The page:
People who exercise are healthier, get sick less often, and take fewer sick days. Some large corporations including the Pepsi Co., whose wellness programs have been in place for almost 50 years, have achieved greater productivity and decreased absenteeism, resulting in health care dollars saved. Wellness programs are not only helping companies save money; they are becoming an increasingly attractive benefit that can lure potential employees.11

Some fascinating views of wellness programs are being expressed. An article in Safety + Health magazine suggested skills taught by the martial arts are being discovered by employers to improve safety and health in the workplace. Based on the concept taught in martial arts' training of inner awareness, results include mental discipline, concentration, physical balance, coordination, flexibility, leverage, and relaxation.12 B.K. Frantzis, founder of Energy Arts in Fairfax, Calif., also emphasizes the benefits of martial arts in improving work-place safety and health. Frantzis says the best way to prevent the types of injuries found among white-collar workers (repetitive in nature; arms, wrists, and hands) is maintaining flexibility in the tendons, joints, and muscles. Poor working posture contributes to spinal problems and a gradual decrease of blood to the brain. Over time, this can lead to diminished mental faculties, leading to lower productivity as well as accidents from reduced concentration. One answer suggested in this article is Tai Chi, which helps maintain flexibility and improve posture. These same moves can help the blue-collar worker suffer fewer injuries by transferring energy and weight though the body when lifting. Other martial arts-based safety training is available that touts not only improved balance and flexibility, but also widened employee attention, which prevents injury.13

Safety Incentives
Among the many choices the safety manager has at his/her disposal is the idea of safety incentives. A few hours' perusal of the Internet can bring you to many sites flaunting their version of the best safety incentive plan with games, health-related or safety-related products, and training.

No matter how many hours of safety training an employer conducts, it does no good if employees don't follow through. Therefore, they must be rewarded for positive results and injury prevention. The old carrot-and-stick analogy is still alive and still working, if presented well enough. Meaningful incentives can sell safety; the trick is finding the right motivator for the majority. A few examples are:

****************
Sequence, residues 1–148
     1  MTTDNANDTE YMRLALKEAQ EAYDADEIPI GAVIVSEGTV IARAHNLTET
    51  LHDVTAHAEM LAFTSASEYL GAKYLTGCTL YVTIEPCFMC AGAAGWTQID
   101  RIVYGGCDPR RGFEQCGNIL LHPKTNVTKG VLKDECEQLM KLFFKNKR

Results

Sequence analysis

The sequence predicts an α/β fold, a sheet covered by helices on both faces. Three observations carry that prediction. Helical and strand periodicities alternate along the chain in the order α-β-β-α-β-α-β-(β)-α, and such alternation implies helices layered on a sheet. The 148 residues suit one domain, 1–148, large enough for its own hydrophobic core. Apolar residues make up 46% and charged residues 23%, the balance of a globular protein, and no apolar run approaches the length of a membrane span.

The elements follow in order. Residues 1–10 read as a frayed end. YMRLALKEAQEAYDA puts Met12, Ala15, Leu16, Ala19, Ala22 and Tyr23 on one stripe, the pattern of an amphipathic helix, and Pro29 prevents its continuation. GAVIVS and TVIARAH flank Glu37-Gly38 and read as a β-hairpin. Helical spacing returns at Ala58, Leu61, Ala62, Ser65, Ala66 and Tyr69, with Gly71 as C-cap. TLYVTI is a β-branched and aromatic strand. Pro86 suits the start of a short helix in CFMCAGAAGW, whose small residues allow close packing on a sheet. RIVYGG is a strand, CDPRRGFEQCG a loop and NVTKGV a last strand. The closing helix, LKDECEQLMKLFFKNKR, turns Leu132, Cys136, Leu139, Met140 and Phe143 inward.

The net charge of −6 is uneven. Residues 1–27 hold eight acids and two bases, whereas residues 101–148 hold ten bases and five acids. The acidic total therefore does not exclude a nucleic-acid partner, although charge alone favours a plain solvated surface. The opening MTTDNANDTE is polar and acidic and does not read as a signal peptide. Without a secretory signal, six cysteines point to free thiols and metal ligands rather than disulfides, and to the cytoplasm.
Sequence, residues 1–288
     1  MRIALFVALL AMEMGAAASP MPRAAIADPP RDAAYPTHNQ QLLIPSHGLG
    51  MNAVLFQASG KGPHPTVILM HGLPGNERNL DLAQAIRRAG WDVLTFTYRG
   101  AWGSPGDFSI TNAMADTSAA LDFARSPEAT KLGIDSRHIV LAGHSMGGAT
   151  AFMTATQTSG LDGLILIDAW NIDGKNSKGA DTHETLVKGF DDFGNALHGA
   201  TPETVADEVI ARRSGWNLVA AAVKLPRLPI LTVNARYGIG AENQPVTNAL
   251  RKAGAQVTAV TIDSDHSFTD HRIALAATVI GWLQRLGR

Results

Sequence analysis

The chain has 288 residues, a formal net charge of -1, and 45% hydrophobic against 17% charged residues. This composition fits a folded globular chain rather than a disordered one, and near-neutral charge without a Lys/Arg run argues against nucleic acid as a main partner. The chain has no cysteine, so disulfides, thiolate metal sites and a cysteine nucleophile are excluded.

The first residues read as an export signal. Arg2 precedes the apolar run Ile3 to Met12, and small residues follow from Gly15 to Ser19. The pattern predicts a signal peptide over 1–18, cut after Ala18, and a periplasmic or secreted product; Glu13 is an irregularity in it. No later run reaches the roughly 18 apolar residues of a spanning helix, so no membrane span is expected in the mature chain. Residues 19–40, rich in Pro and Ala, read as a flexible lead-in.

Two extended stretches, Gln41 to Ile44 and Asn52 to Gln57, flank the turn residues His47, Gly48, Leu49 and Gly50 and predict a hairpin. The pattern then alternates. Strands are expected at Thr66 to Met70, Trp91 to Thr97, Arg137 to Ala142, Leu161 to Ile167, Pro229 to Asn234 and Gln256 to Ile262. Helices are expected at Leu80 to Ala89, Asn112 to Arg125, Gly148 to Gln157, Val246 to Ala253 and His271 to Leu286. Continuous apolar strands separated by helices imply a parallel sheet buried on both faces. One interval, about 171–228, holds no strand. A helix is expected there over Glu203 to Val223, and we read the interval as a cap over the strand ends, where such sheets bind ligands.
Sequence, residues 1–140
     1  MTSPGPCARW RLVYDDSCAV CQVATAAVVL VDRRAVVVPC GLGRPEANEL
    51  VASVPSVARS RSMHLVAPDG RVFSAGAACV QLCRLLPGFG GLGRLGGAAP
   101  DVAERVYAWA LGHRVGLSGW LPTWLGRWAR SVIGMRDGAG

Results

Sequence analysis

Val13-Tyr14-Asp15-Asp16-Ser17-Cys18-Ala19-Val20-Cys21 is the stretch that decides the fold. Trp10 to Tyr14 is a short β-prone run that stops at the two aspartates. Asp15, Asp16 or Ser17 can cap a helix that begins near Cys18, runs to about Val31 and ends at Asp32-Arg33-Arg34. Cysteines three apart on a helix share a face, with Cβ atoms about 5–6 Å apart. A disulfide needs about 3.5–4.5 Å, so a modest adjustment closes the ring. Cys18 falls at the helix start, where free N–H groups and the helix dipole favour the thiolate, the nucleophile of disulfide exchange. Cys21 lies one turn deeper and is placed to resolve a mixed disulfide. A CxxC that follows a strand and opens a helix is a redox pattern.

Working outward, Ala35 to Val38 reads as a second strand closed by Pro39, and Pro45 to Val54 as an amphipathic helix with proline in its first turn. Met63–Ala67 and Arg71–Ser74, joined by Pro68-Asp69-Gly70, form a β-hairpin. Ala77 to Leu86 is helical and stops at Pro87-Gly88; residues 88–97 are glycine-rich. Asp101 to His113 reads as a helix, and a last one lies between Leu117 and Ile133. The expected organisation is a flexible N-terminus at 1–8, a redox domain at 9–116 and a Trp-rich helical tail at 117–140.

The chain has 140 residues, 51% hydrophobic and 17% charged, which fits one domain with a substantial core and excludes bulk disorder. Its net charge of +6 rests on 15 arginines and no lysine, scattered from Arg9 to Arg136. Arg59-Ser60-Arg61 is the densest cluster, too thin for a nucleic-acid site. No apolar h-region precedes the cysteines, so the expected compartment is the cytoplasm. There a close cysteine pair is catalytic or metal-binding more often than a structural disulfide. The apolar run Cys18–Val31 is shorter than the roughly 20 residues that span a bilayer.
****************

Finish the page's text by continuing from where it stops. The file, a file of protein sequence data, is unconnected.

• cash bonus for fewer accidents than previous period
  • stock ownership or profit sharing
  • safety bingo games with cash or gifts to win.

One case study showing the effectiveness of incentive programs is the success story of Stinson Lumber, which has had an incentive-based safety program in place for its more than 2,000 employees since 1989. Dan Sweeney, vice president of human resources, said the company was paying $1.3 million annually for worker's compensation because of lost-time injuries prior to starting the program. After three years, Stinson reduced that cost to $300,000.14

The Journey Begins
The new safety manager will want to do some prudent application of the new and old ways of thinking about safety, including BBS, cognitive theories, BBS versus engineering controls. He or she also must consider the corporate culture and the safety culture of those involved, continuously examining his/her own paradigms as well as those of management and employees, and working within the management's culture to incorporate both incentive and wellness programs.

Perhaps s/he'll have the good fortune to work with a cutting edge corporation that has a management totally committed to a well balanced safety program, offering a wellness program with education and exercise classes and also rewarding its employees when they improve their lost work days and injuries. Some employers are beginning to realize healthier employees are happier employees, which increases their productivity and decreases absenteeism.

The new safety manager coming into the workplace should be happy s/he has a plethora of opportunities ahead. With so many resources available, how can the safety program be anything but successful?

1. Robotham, G. "25 Years in Review." Professional Safety. February 2000:39-41.

2. Krause, R.,"Cross-functional Improvement." Professional Safety. August 2002:27-33.

3. Krause, R. Employee-Driven Systems for Safe Behavior, Thomson Publishing, 1995, p.232.

4. Krause, R. "Cross-functional Improvement." Professional Safety. August 2002:27-33.

5. Fry, J.N. and D.J. Killing. "Vision Check." Business Quarterly Canada. 54(1989): 64-69.

6. Williams, A., et al. Changing Culture: New Organizational Approaches. London: IPM, 1989.

7. Cooper, D. "Safety Culture." Professional Safety. June 2002:30-36.

8. International Nuclear Safety Advisory Group (INSAG). "Basic Safety Principles for Nuclear Power Plants." Safety Series No. 75. International Atomic Energy Agency, 1988.

9. Cooper, D. "Safety Culture." Professional Safety. June 2002:30-36.

10. Kamp, J. "Cognitive Era." Professional Safety. October 2001:30-34.

11. Brooks, R. "Winning with Wellness." Occupational Health & Safety. July 2001:97-99.

12. Atkinson, W. "Martialing the Art of Safety." Safety + Health. April 2002:44-45.

13. www.movesmart.com, The Motivational Manager. August 2000

14. Wennen, G. "Why Safety Incentive Programs Work." Occupational Health & Safety. June 2002:60-62.

This article originally appeared in the June 2003 issue of Occupational Health & Safety.